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what would a similar system scaled down to average home cost?

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Posted by kimmo on July 28, 2010, 1:31 pm
 


interesting article in nytimes (replicated for those who dont have a signon)

assume average house would want/need a storage capacity for 10kw or 20kw

Wind Drives Growing Use of Batteries
By MATTHEW L. WALD
The rapid growth of wind farms, whose output is hard to schedule reliably or
even
predict, has the nation's electricity providers scrambling to develop energy
storage
to ensure stability and improve profits.

As the wind installations multiply, companies have found themselves dumping
energy
late at night, adjusting the blades so they do not catch the wind, because there
is no
demand for the power. And grid operators, accustomed to meeting demand by
adjusting
supplies, are now struggling to maintain stability as supplies fluctuate.

On the cutting edge of a potential solution is Hawaii, where state officials
want 70
percent of energy needs to be met by renewable sources like the wind, sun or
biomass
by 2030. A major problem is that it is impossible for generators on the islands
to
export surpluses to neighboring companies or to import power when the wind
towers are
becalmed.

On Maui, for example, wind generating capacity over all will soon be equal to
one-fourth of the island's peak demand. But peak wind and peak demand times do
not
coincide, raising questions about how Hawaii can reach its 70 percent goal. For
now,
the best option seems to be storage batteries.

In New York and California, companies are exploring electrical storage that is
big
enough to allow for "arbitrage," or buying power at a low price, such as in the
middle
of the night, and selling it hours later at a higher price. In the Midwest, a
utility
is demonstrating storage technology that can go from charge to discharge and
back
several times a minute, or even within a second, bracing the grid against the
vicissitudes of wind and sun and transmission failure. And in Texas, companies
are
looking at ways of stabilizing voltage through battery storage in places served
by
just one transmission line.

Renewable goals can be met, many in the industry insist. But if the energy
source is
intermittent, "you can't do that without batteries of some sort," said Peter
Rosegg, a
spokesman for the Hawaiian Electric Company.

His company has agreed to buy electricity from a wind farm on the northern shore
of
Oahu, where the Boston-based power company First Wind has just broken ground.

The spot is one of Hawaii's best wind sites, Mr. Rosegg said, but the supply is
gusty
and erratic. What is more, it is at the farthest point on the island from the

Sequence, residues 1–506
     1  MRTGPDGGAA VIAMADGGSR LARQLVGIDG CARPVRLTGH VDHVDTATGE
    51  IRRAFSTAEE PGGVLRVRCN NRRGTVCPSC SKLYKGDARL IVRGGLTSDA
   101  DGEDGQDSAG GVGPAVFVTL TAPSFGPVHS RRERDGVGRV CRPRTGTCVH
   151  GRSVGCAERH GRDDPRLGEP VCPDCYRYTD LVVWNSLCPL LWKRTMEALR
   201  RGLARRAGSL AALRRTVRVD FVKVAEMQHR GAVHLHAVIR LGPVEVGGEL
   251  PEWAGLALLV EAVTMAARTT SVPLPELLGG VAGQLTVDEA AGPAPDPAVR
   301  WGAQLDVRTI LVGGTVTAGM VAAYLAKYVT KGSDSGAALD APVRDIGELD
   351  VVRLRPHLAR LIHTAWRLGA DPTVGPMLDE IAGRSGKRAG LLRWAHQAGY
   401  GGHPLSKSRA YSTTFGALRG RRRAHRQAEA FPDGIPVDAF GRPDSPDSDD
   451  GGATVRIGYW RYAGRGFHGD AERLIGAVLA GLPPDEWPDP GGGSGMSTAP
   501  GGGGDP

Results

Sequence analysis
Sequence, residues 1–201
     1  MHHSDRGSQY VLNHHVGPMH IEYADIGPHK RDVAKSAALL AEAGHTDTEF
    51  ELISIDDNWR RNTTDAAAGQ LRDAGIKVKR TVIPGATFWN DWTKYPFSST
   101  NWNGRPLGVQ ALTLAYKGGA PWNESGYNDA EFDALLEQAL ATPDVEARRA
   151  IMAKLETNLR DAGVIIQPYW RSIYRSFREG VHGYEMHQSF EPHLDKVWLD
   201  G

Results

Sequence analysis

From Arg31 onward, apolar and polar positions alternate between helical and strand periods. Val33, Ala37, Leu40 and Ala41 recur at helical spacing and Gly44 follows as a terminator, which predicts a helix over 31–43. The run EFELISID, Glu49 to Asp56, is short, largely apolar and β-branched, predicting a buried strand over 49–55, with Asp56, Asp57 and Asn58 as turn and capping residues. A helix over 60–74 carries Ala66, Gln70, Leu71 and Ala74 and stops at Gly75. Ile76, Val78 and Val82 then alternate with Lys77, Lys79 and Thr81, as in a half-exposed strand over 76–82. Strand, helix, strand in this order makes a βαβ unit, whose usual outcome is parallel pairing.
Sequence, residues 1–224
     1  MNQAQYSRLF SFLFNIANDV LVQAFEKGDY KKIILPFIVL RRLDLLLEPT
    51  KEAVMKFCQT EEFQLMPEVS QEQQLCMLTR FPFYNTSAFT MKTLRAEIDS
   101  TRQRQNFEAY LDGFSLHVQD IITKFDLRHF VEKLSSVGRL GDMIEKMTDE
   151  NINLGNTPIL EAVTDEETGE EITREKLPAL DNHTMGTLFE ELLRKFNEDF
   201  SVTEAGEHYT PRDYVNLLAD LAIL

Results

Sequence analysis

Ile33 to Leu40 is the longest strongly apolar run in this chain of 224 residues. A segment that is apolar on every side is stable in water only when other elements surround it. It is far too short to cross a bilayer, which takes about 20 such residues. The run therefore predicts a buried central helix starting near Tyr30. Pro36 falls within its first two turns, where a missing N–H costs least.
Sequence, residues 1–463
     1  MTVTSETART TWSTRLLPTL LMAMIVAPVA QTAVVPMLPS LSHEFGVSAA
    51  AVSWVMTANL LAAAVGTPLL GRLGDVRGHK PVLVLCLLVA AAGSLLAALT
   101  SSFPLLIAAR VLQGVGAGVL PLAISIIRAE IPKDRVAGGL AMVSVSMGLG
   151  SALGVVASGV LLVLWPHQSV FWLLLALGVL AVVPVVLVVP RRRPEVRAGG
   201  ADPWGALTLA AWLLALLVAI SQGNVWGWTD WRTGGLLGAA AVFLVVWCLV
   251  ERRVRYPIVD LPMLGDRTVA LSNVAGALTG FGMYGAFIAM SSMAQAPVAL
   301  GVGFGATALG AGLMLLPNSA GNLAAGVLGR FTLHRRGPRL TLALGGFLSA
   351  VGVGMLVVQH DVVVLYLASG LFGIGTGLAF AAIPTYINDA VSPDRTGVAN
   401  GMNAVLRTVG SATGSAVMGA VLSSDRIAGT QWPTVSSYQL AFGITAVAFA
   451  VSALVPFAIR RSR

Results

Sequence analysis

company's
main load center, Honolulu, and does not even lie on its high-voltage
transmission
backbone.

So the 30-megawatt wind farm, which will have enough power to run about 30 Super
Wal-Marts, will have Xtreme Power of Austin, Tex., install a 15-megawatt battery.

Computers will work to keep the battery exactly half-charged most hours of the
day,
said Carlos J. Coe, Xtreme Power's chief executive. If the wind suddenly gets
stronger
or falls off, the batteries will smooth out the flow so that the grid sees only
a more
gradual increase or decrease, no more than one megawatt per minute at some hours
of
the day.

The Hawaii installation is designed to succeed at a crucial but obscure
function:
frequency regulation. The alternating-current power system has to run at a
strict 60
cycles per second, and the battery system can give and take power on a micro
scale,
changing directions from charge to discharge or vice versa within that 60th of a
second, to keep the pace steady.

The battery system can also be used for arbitrage, storing energy at times when
prices
are low and delivering it when prices are high. It can hold 10 megawatt-hours,
which
is as much energy as a 30-megawatt wind farm will produce in 20 minutes if it is
running at full capacity. That is not much time, but it is huge in terms of
storage
capacity.

Neither First Wind nor Xtreme Power would say what the project cost, but
publicly
disclosed figures put the project in the range of $30 million, with about $0
million
for the battery. The Energy Department has provided a $17 million loan
guarantee.

Across the country, it is proving hard to predict the cost and the value of
power
storage to consumers. The electricity stored in off-peak hours could be quite
low in
cost, and prices at peak hours could be quite high. If the reliance on renewable
energy reduces the need to burn coal and natural gas, that would yield an
additional
advantage.

Mr. Coe estimated the battery system's round-trip efficiency - that is, the
amount of
electricity the batteries could deliver per megawatt-hour stored in them - at
over 90
percent. If that figure is borne out, it would be a significant advance from the
largest form of energy storage now in general use, pumped hydropower, whose
efficiency
is put at 70 to 85 percent.

At a pumped hydro plant, off-peak electricity is used to pump water from a
reservoir
at a low elevation to one at a higher one. At hours of peak demand the water
flows
back down through a turbine, creating electricity.